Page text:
EventsEventsPodcasts
Loader

Find Us

ADVERTISEMENT

'Moving meditation’: Learn hope to cope with stress at a Tai Chi retreat in China

Taoists perform Wudang Tai Chi at Wudangshan Mountain in central China's Hubei Province
Taoists perform Wudang Tai Chi at Wudangshan Mountain in central China's Hubei Province Copyright Andy Wong/Copyright 2023 The AP. All rights reserved
Copyright Andy Wong/Copyright 2023 The AP. All rights reserved
By Euronews Travel with AP
Share this articleComments
Share this articleClose Button
Copy/paste the article video embed link below:Copy to clipboardCopied

The basic principle is ‘to teach people how to overcome hardship with softness’.

ADVERTISEMENT

A holiday is about more than just taking time off work. Many of us use travel to seek out adventure.

But with the stresses of daily life ever-growing, maybe it’s time to consider a trip to nourish mind, body and soul.

Wudang, a beautiful mountain range in central China is the cradle of Tai Chi, a martial art that comes from the ancient philosophies of Taoism.

“Practising Tai Chi makes people slow down physically and mentally,” explains Wu Shize, a Tai Chi master in Wudang.

According to Wu, practising Tai Chi together with Qigong - a breathing exercise to mobilise one’s internal power - makes people feel relaxed and happy.

What is Tai Chi?

Tai chi is a Taoist martial art which consists of a series of gentle motions aiming to train one’s internal energy. There are eight basic techniques and thirteen forms: quiver, stroke, squeeze, press, pick, spar, elbow and lean.

Often referred to as “moving meditation”, Tai chi is becoming popular in fast-paced Chinese cities, where an awareness of mental and physical well being is growing.

The core philosophy of Tai Chi is Ying-Yang - the pairing of polar opposites. In Taoism, these are interdependent and complementary rather than separate and conflicting, says Liu Wenguo, head of the Taoism Association of Wudangshan.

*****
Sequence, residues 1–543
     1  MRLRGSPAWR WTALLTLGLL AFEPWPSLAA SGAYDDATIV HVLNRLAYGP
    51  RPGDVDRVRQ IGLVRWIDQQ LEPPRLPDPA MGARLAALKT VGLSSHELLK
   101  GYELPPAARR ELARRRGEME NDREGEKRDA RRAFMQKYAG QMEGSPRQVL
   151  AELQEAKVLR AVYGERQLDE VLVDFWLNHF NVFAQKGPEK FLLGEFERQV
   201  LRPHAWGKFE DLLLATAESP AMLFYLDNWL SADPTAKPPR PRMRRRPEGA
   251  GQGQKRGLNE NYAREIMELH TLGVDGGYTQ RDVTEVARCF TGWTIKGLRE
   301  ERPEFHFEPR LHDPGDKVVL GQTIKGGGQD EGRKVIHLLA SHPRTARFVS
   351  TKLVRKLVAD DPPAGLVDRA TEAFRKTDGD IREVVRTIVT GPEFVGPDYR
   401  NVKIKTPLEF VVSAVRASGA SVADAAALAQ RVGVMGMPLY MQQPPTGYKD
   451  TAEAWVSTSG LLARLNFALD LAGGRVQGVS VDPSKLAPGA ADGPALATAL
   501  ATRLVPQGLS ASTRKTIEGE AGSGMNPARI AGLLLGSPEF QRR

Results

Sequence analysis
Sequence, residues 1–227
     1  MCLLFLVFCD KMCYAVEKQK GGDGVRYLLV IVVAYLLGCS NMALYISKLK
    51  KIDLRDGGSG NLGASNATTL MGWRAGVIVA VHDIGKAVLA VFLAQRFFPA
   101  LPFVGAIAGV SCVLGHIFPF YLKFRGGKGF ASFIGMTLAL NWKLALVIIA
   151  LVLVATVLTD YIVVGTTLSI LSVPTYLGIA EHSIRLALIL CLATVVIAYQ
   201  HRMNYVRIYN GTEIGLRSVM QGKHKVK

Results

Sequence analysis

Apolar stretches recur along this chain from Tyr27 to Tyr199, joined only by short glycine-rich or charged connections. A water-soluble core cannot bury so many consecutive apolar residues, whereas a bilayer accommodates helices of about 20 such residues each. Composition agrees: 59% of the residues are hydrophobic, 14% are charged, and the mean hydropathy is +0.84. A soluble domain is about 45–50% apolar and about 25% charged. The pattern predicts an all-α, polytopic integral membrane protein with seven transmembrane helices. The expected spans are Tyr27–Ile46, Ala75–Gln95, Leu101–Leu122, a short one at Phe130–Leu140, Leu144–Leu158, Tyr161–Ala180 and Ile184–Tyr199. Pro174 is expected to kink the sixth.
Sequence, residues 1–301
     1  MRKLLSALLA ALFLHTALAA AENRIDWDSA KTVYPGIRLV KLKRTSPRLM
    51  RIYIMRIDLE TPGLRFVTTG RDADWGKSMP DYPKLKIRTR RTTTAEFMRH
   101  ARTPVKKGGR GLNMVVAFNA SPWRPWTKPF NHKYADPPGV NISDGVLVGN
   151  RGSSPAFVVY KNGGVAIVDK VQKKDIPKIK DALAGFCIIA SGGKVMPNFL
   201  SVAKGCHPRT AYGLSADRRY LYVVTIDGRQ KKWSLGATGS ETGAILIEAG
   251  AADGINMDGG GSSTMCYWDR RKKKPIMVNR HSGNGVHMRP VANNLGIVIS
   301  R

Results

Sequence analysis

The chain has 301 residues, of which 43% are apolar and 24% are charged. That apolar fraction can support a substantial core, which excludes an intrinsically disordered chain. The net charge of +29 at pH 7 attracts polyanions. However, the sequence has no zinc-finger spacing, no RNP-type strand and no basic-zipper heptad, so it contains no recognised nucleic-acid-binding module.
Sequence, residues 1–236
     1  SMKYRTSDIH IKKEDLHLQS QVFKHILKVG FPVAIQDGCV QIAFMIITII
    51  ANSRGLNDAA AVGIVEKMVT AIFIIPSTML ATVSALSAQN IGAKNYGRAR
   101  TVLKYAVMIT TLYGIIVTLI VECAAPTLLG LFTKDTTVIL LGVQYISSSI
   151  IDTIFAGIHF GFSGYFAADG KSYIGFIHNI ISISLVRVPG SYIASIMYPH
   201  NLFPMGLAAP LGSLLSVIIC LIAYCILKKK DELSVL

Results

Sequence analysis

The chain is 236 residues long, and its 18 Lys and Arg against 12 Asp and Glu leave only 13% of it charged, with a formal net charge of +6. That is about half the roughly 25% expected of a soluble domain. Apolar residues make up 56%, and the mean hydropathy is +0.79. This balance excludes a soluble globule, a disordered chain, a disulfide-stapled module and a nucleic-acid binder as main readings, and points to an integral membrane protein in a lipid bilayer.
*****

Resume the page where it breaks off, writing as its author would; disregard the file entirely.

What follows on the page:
“It has very good flexibility and its basic concept is to teach people how to overcome hardship with softness,” he adds.

Is a Tai Chi holiday for me?

Jake Pinnic from Illinois, in the US came to Wudang for a five year programme studying Tai Chi, Qigong and Taoist culture.

He says practitioners of Tai Chi learn to relax, flow smoothly with the changing postures, and maintain balance in the face of pressure and strikes.

I feel more relaxed. I'm more stress-free. I'm able to handle a difficult situation better,” Jake explains.

"So I think this is a big principle in Tai Chi, you know, being able to redirect pressure, being able to redirect conflict."

The Chinese government has made an ambitious plan to create a special zone in the Wudang Mountains to promote health preservation, martial arts and Taoist medicine. It’s hoped this will help drive tourism to the area.

The Wudang mountains are located in central China, just south of Shiyan.

The most convenient way to get there is to go by train. The bullet train from Wuhan to Shiyan takes around 3.5 - 4.5 hours.

What is Taoism?

The Wudang mountains are one of the centres of Taoism, a Chinese religion.

The most commonly known element of Taoism, or pronounced Daoism in Chinese, is the Yin-Yang symbol. The philosophical religion focuses on the idea of living in harmony with the universe.

ADVERTISEMENT

Watch the video above to see more of the stunning Wudang mountains.

Video editor • Maxime Caron

Share this articleComments

You might also like